The Successful Premiere
LIGHTCHASERS is captivating, intriguing, and beautifully filmed.
By Malgorzata P. Bonikowska
When director Rafal Sokolowski stood in front of the audience prior to the premiere of his film debut, he must have felt a great deal of satisfaction. The theatre of the Innis Town Hall was nearly full. He must have felt even more satisfied after the screening when his film met with thunderous applause.
The 15-minute short LIGHTCHASERS won the hearts of the premiere audience. Long after it ended, I overheard many compliments in the theatre’s lobby.
LIGHTCHASERS is captivating, intriguing, and beautifully filmed. It is made with great attention to detail and flawless execution. It is played strongly by an impressive cast: Brent Carver, Wendy Lyon, and young, today only 15 years old, Stephen Suckling. The film has a powerful original score composed by Ivo Paunov, with whom Rafal has collaborated for over a decade. It was on their trip to Equador that Rafal ‘dreamt’ this story.
Indeed, the film has a dreamy feel. This is largely due to its style, the camera work, the colors, and the music, and especially because of its unique locations, all of which create the effect of dreamlike reality. There are no words in the script. The story is narrated entirely through the image. In Rafal Sokolowski’s capable hands, images, sounds, and music tell a far richer story than elaborate dialogue.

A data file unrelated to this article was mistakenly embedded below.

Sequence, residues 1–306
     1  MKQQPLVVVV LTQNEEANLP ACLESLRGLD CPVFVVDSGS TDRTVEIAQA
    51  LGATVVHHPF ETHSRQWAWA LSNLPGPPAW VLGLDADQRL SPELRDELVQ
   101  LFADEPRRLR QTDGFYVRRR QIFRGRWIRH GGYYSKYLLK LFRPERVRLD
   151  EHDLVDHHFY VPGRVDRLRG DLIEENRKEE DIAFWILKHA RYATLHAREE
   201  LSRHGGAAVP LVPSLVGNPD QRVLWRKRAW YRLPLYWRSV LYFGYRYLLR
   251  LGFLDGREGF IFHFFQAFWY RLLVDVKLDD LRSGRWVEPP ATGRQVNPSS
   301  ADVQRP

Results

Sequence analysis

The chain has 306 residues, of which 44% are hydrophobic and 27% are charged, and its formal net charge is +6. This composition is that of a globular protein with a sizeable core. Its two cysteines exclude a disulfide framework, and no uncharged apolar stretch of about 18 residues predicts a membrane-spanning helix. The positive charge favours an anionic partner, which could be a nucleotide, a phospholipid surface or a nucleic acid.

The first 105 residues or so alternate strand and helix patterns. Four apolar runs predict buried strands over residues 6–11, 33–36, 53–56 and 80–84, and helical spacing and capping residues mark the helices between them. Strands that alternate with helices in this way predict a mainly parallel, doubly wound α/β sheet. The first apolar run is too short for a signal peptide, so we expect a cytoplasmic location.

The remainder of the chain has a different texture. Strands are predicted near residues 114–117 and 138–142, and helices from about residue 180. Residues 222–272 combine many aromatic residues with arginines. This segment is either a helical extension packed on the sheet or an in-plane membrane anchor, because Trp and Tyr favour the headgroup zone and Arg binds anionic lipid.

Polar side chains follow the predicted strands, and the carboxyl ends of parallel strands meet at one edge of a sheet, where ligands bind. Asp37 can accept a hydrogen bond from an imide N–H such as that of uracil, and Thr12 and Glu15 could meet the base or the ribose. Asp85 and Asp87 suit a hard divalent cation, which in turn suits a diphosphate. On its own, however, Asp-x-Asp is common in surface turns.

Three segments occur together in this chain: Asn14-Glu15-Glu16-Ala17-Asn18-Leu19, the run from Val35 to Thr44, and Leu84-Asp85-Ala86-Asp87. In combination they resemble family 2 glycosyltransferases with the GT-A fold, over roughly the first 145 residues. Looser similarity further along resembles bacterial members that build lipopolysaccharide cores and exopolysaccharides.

It is a story that allows everyone to find their own interpretation. Everyone gets something unique and personal from interacting with the film. It is a story of accidents and intertwining human narratives, where seemingly small events produce grand changes in the lives of the characters. And in their lives we quickly recognize our own. This is a story defying fate and absolutes even in the most conclusive moments. Here, seemingly irreversible and tragic situations turn like a card and reveal optimism and beauty on the other side.
This spiritually upholding message is emphasized through the potent symbols created by the director’s rich imagination. There is an empty road full of turns and ups and downs, there is a serene crossroads, a blind boy with a white dog. It is all emotionally charged and multi layered in its meaning. The images and scenes linger on, the feelings and thoughts inspired by them continue to unveil long after the credits have ended.
LIGHTCHASERS is honest, original, and thought provoking. It has all the characteristics of a film that can bring home many festival awards. I wish the film and its creators the best of luck while I anticipate with excitement Rafal’s next project. He is a young, but already mature artist.
Toronto, Gazeta, March 5th, 2007
Three independant directors passionately
defy the odds
By Jonah Bettio
Three independant directors passionately defy
By Jonah Bettio
Independent film isn’t a genre or a style
it’s a reality: one that requires a dedicated
and unique approach to filmmaking. Indie directors
are passionate about their work and are willing
to sacrifice put in extra work and explore new
ways of creating and financing their films in
order to translate their artistic vision to the